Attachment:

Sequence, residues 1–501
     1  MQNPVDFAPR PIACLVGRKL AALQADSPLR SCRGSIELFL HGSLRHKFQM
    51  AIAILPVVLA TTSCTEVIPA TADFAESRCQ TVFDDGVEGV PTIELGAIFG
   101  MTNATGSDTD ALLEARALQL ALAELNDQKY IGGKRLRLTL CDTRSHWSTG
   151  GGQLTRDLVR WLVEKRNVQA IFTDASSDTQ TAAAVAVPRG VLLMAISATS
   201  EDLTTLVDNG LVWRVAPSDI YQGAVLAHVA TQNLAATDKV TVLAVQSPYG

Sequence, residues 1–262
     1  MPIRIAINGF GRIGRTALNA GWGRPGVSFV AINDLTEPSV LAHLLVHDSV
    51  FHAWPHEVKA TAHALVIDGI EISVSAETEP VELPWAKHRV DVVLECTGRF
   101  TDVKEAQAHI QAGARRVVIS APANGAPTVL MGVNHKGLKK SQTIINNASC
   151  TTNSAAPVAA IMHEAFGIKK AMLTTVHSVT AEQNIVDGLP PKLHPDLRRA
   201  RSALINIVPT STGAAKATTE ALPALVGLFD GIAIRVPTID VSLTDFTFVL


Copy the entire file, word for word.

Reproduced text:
Sequence, residues 1–501
     1  MQNPVDFAPR PIACLVGRKL AALQADSPLR SCRGSIELFL HGSLRHKFQM
    51  AIAILPVVLA TTSCTEVIPA TADFAESRCQ TVFDDGVEGV PTIELGAIFG
   101  MTNATGSDTD ALLEARALQL ALAELNDQKY IGGKRLRLTL CDTRSHWSTG
   151  GGQLTRDLVR WLVEKRNVQA IFTDASSDTQ TAAAVAVPRG VLLMAISATS
   201  EDLTTLVDNG LVWRVAPSDI YQGAVLAHVA TQNLAATDKV TVLAVQSPYG

Sequence, residues 1–262
     1  MPIRIAINGF GRIGRTALNA GWGRPGVSFV AINDLTEPSV LAHLLVHDSV
    51  FHAWPHEVKA TAHALVIDGI EISVSAETEP VELPWAKHRV DVVLECTGRF
   101  TDVKEAQAHI QAGARRVVIS APANGAPTVL MGVNHKGLKK SQTIINNASC
   151  TTNSAAPVAA IMHEAFGIKK AMLTTVHSVT AEQNIVDGLP PKLHPDLRRA
   201  RSALINIVPT STGAAKATTE ALPALVGLFD GIAIRVPTID VSLTDFTFVL